All expressions of opinion reflect the judgment of the Research Department of Raymond James & Associates, Inc. and are subject to change. There is no assurance any of the forecasts mentioned will occur or that any trends mentioned will continue in the future. Investing involves risks including the possible loss of capital. Past performance is not a guarantee of future results. International investing is subject to additional risks such as currency fluctuations, different financial accounting standards by country, and possible political and economic risks, which may be greater in emerging markets. While interest on municipal bonds is generally exempt from federal income tax, it may be subject to the federal alternative minimum tax, and state or local taxes. In addition, certain municipal bonds (such as Build America Bonds) are issued without a federal tax exemption, which subjects the related interest income to federal income tax. Municipal bonds may be subject to capital gains taxes if sold or redeemed at a profit. Taxable Equivalent Yield (TEY) assumes a 35% tax rate.
The Dow Jones Industrial Average is an unmanaged index of 30 widely held stocks. The NASDAQ Composite Index is an unmanaged index of all common stocks listed on the NASDAQ National Stock Market. The S&P 500 is an unmanaged index of 500 widely held stocks. The MSCI EAFE (Europe, Australia, Far East) index is an unmanaged index that is generally considered representative of the international stock market. The Russell 2000 index is an unmanaged index of small cap securities which generally involve greater risks. An investment cannot be made directly in these indexes. The performance noted does not include fees or charges, which would reduce an investor’s returns. U.S. government bonds and treasury bills are guaranteed by the US government and, if held to maturity, offer a fixed rate of return and guaranteed principal value. U.S. government bonds are issued and guaranteed as to the timely payment of principal and interest by the federal government. Treasury bills are certificates reflecting short-term (less than one year) obligations of the U.S. government.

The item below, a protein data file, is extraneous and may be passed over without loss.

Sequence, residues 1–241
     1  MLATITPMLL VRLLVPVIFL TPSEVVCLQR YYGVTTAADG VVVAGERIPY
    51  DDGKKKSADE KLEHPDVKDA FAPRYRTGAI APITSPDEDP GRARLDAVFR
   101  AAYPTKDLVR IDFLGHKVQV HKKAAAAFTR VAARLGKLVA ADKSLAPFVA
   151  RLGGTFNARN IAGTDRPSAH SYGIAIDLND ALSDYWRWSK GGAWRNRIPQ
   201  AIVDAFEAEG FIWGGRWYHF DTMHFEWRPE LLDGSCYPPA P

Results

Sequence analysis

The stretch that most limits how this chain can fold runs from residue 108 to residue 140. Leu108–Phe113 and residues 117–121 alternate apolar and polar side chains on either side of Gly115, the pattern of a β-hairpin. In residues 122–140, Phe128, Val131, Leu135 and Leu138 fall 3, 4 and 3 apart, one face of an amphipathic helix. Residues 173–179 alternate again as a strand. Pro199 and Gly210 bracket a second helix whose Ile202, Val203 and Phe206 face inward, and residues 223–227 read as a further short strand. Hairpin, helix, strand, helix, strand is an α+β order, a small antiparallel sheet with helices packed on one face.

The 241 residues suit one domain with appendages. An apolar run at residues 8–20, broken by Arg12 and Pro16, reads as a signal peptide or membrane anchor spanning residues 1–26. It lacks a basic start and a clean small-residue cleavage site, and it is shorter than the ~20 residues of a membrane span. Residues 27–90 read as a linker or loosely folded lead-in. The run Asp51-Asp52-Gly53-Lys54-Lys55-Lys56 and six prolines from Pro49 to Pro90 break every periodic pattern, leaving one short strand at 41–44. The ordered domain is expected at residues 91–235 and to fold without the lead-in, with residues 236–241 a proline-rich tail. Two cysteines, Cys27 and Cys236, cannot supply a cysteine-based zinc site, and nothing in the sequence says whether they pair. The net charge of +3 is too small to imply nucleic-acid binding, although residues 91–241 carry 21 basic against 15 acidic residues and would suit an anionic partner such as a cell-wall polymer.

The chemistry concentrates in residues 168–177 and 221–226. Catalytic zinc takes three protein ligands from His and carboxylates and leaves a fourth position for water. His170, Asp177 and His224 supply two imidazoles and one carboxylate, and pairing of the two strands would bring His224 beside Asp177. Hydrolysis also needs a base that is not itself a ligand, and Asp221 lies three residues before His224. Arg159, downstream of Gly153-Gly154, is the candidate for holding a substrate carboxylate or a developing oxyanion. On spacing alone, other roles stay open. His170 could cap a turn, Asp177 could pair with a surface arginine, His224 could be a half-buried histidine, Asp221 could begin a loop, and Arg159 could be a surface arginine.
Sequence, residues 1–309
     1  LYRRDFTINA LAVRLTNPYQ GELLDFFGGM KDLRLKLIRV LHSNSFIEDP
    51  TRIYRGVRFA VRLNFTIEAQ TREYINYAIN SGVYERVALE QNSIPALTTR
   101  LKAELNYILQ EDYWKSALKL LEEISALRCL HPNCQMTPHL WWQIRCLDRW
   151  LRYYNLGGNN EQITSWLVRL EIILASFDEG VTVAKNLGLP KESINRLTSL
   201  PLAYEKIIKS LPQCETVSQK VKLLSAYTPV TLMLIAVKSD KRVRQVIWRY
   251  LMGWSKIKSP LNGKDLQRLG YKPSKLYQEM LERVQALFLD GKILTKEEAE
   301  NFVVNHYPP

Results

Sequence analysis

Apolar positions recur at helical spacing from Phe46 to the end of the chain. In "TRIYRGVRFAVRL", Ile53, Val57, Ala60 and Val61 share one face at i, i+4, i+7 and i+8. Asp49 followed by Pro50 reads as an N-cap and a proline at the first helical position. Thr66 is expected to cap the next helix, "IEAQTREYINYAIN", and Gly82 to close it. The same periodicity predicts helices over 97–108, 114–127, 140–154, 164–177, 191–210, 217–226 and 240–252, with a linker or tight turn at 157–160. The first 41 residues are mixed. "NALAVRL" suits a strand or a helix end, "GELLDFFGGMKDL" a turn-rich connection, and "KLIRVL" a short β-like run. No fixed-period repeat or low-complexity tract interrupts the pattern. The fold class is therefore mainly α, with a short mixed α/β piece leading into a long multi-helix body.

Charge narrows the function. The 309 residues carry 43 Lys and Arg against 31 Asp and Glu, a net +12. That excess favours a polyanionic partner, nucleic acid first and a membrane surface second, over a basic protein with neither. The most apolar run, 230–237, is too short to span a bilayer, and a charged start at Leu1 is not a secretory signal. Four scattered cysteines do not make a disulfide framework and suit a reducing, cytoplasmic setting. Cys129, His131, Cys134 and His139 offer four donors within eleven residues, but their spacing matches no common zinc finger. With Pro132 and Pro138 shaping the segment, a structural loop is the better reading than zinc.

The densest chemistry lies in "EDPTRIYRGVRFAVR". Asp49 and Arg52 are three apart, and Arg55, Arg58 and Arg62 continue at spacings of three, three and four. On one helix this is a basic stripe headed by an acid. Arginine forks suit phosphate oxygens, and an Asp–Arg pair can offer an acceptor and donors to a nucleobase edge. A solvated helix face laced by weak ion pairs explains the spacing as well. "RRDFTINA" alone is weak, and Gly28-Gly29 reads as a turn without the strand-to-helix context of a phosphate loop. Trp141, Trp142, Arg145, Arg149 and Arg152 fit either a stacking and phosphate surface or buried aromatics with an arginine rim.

Commodities trading is generally considered speculative because of the significant potential for investment loss. Markets for commodities are likely to be volatile and there may be sharp price fluctuations even during periods when prices overall are rising. Specific sector investing can be subject to different and greater risks than more diversified investments. Gross Domestic Product (GDP) is the annual total market value of all final goods and services produced domestically by the U.S. The federal funds rate (“Fed Funds”) is the interest rate at which banks and credit unions lend reserve balances to other depository institutions overnight. The prime rate is the underlying index for most credit cards, home equity loans and lines of credit, auto loans, and personal loans. Material prepared by Raymond James for use by financial advisors. Data source: Bloomberg, as of close of business June 4, 2020.